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By Jan Hicks on

It seemed like a good idea at the time: light-up heels

In the first of a series looking at inventions that didn't quite live up to the hype, Archives Manager Jan Hicks reveals some very fashionable footwear…

Sepia photo of a woman wearing high heels that light up

This photograph is one of my favourite things in the collection. I even have a copy of it next to my desk. The story of these shoes shows the entrepreneurial spirit of Manchester. It’s also a tale of innovation, perseverance and imagination, but ultimately disappointment. I love the image because the idea of a woman patiently standing on a wooden board on top of a wall, wearing dancing shoes with heels that light up, in a pair of slightly wrinkled stockings makes me laugh.

The story starts with Joseph and John Jordan, brothers who owned a boot and shoe repair shop in Oldham. During the early 1930s, they wanted to take advantage of the versatility of celluloid and create jobs for unemployed men in Manchester. When people hear the word ‘celluloid’ they typically think of the physical film used in the movie business, but it’s a type of plastic that used to be used for a multitude of products because it’s easy to mould and shape.

However, one of its major disadvantages was its flammability, which is why today it’s only really used for table tennis balls and guitar picks.

Sepia photo of two men holding high heel shoe samples

In 1934, Joseph and John developed a non-flammable celluloid shoe heel that didn’t get damaged by hard flooring. In a stroke of imagination, they made a hollow inside the heel, which was large enough to hold a miniature battery and a light bulb. As the wearer of the shoe brought the heel to the ground, the pressure created a contact so that the bulb lit up.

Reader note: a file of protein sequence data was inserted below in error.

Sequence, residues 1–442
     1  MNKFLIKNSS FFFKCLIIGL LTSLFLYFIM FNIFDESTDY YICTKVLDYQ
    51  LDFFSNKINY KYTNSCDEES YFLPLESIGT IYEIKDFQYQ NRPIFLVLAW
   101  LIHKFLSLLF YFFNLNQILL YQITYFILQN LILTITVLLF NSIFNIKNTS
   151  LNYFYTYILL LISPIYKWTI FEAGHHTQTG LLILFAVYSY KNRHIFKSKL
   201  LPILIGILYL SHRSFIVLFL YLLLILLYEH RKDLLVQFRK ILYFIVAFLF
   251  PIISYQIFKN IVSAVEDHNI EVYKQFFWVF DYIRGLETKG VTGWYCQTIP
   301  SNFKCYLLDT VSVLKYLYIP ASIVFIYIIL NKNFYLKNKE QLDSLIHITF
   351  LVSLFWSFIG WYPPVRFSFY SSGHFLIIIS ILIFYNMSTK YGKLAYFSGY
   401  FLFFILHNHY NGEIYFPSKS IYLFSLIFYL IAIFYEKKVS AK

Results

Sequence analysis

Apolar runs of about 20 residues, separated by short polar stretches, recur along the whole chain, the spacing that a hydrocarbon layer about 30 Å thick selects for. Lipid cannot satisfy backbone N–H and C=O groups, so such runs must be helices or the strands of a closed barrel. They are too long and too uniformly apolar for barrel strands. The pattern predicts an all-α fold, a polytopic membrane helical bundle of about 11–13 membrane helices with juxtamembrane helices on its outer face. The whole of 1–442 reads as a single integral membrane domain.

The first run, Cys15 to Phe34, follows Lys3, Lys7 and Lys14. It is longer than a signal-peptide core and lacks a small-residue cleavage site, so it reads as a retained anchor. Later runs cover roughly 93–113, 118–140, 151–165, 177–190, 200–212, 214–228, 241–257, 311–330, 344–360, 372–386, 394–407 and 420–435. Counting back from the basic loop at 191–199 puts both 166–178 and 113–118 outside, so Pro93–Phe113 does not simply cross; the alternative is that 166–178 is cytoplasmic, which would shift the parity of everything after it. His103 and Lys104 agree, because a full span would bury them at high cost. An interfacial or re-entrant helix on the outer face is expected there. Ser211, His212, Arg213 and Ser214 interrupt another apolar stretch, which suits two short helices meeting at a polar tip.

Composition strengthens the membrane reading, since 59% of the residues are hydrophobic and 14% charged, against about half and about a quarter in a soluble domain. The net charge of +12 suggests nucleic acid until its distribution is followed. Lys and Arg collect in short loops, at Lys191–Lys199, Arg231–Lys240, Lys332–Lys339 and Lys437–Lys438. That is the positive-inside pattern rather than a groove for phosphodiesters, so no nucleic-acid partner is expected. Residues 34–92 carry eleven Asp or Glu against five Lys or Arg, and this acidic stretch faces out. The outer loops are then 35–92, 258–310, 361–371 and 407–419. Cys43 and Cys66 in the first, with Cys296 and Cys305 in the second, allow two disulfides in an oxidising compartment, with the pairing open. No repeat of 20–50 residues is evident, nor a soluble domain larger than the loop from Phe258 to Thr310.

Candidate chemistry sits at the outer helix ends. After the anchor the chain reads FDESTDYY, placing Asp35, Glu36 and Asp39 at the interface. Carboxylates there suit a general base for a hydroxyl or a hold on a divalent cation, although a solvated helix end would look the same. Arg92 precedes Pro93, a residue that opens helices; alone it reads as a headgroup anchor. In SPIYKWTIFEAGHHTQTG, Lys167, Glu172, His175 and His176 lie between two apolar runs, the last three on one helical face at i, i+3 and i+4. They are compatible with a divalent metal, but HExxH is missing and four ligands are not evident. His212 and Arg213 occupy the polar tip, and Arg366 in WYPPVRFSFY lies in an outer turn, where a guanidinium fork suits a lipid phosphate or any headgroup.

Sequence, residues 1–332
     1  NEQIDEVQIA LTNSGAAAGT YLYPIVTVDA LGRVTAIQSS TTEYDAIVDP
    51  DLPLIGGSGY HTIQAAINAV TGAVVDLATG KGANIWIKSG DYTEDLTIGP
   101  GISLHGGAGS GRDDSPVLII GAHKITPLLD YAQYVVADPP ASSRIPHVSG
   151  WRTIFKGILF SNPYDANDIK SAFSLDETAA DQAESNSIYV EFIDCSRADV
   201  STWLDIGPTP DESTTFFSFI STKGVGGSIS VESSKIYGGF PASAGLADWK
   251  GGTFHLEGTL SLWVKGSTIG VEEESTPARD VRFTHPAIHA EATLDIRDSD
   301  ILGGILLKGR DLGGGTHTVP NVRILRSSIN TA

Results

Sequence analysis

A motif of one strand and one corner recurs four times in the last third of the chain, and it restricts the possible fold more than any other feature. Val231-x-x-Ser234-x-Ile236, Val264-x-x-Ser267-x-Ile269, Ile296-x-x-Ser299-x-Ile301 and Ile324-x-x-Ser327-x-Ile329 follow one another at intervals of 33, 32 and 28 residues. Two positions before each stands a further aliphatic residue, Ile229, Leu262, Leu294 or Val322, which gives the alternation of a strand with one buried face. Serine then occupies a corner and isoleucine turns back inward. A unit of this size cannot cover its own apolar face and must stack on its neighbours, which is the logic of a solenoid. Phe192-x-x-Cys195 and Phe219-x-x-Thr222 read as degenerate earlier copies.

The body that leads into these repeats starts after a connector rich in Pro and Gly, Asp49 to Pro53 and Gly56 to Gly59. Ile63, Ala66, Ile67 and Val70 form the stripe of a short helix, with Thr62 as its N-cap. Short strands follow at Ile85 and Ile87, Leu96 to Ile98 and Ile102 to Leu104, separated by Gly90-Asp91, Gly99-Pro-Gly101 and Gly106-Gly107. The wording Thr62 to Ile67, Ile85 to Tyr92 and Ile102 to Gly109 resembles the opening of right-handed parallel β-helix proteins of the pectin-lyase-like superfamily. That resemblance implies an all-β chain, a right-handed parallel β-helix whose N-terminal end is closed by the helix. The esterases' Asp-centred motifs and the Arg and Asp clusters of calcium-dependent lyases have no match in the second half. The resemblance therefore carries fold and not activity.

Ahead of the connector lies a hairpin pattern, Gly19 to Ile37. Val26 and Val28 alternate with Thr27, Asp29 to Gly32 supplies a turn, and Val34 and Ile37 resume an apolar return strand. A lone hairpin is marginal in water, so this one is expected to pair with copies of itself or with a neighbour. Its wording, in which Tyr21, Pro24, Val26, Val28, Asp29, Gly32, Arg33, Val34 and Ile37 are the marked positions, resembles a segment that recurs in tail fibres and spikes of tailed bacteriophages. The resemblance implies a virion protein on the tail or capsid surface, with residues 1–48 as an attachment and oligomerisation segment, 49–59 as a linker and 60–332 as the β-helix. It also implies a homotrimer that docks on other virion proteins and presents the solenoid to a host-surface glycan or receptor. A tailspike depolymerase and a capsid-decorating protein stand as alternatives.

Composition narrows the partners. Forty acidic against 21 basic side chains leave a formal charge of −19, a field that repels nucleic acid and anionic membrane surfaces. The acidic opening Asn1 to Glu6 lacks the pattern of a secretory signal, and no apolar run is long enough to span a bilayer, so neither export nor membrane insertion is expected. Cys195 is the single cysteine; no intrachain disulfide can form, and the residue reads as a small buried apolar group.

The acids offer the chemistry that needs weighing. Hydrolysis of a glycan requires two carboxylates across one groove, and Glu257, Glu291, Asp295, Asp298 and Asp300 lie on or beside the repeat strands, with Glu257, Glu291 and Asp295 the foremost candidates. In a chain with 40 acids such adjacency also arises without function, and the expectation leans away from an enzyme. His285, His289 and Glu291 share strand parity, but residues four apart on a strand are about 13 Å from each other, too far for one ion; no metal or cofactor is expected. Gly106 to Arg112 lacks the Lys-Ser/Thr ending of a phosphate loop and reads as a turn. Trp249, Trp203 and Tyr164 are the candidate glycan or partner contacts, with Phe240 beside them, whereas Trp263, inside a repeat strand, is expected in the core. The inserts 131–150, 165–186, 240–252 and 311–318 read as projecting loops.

The brothers patented the idea and got a lot of interest from other British manufacturers who saw the invention as ahead of its time. However, the heels never went into production. One reason was the brothers’ desire to keep manufacturing local, so despite plenty of offers from other places the brothers refused to make them anywhere but Manchester. Despite the obvious novelty factor, they were turned down again and again by potential buyers.

Finally, famous theatre impresario and pantomime director Julian Wylie took a shine to the idea for his 1935 production of Puss In Boots at Manchester’s Palace Theatre. He commissioned a set of shoes for the entire chorus line. They would wear heels in different colours, and the stage was to be plunged into darkness as they danced, showing off the heels to magical effect. But, in another stroke of bad luck, Wylie died before the shoes could be put into production, and the idea never saw the light of day (or the dark of the theatre stage).

Joseph Jordan went on to develop other ideas, such as electrical equipment to ensure safe landing of aircraft in darkness, fog and mist, and anti-dazzle glasses for car drivers but none of his inventions went into production. He and John continued to run their shop until 1963.

It wasn’t until the light up soles of LA Gear trainers hit the streets in 1992 that illuminated shoes became a thing. Now they’re everywhere, from kids’ trainers and DIY creations to $2,500 Jimmy Choos. I wonder what the Jordan brothers would think of that!

Want to discover more extraordinary fashion inventions? Join us for our spring holiday family activities, Fashion Fun, until 22 April, and watch out for the next It seemed like a good idea at the time blog post coming soon.

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